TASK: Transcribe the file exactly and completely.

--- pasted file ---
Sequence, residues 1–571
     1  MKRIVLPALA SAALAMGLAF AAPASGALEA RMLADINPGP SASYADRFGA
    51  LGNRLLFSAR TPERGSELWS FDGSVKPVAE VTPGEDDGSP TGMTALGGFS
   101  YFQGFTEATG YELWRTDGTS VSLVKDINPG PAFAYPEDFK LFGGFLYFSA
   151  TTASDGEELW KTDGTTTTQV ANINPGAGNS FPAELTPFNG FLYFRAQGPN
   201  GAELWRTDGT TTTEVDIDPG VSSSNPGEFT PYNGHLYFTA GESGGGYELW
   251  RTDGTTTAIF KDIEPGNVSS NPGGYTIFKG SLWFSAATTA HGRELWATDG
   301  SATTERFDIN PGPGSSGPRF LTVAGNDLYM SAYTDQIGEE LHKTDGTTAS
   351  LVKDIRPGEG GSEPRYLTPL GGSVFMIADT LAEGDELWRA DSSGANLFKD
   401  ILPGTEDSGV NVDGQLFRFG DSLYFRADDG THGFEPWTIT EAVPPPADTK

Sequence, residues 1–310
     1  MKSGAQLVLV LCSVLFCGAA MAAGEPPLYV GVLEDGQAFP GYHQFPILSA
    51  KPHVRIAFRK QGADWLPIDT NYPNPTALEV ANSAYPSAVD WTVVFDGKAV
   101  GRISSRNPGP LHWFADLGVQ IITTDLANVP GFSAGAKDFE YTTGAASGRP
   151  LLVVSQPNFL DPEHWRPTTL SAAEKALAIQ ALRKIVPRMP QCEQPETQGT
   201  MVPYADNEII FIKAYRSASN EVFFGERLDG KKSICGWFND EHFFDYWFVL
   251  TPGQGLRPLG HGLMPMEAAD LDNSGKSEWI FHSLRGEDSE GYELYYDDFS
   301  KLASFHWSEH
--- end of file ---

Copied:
Sequence, residues 1–571
     1  MKRIVLPALA SAALAMGLAF AAPASGALEA RMLADINPGP SASYADRFGA
    51  LGNRLLFSAR TPERGSELWS FDGSVKPVAE VTPGEDDGSP TGMTALGGFS
   101  YFQGFTEATG YELWRTDGTS VSLVKDINPG PAFAYPEDFK LFGGFLYFSA
   151  TTASDGEELW KTDGTTTTQV ANINPGAGNS FPAELTPFNG FLYFRAQGPN
   201  GAELWRTDGT TTTEVDIDPG VSSSNPGEFT PYNGHLYFTA GESGGGYELW
   251  RTDGTTTAIF KDIEPGNVSS NPGGYTIFKG SLWFSAATTA HGRELWATDG
   301  SATTERFDIN PGPGSSGPRF LTVAGNDLYM SAYTDQIGEE LHKTDGTTAS
   351  LVKDIRPGEG GSEPRYLTPL GGSVFMIADT LAEGDELWRA DSSGANLFKD
   401  ILPGTEDSGV NVDGQLFRFG DSLYFRADDG THGFEPWTIT EAVPPPADTK

Sequence, residues 1–310
     1  MKSGAQLVLV LCSVLFCGAA MAAGEPPLYV GVLEDGQAFP GYHQFPILSA
    51  KPHVRIAFRK QGADWLPIDT NYPNPTALEV ANSAYPSAVD WTVVFDGKAV
   101  GRISSRNPGP LHWFADLGVQ IITTDLANVP GFSAGAKDFE YTTGAASGRP
   151  LLVVSQPNFL DPEHWRPTTL SAAEKALAIQ ALRKIVPRMP QCEQPETQGT
   201  MVPYADNEII FIKAYRSASN EVFFGERLDG KKSICGWFND EHFFDYWFVL
   251  TPGQGLRPLG HGLMPMEAAD LDNSGKSEWI FHSLRGEDSE GYELYYDDFS
   301  KLASFHWSEH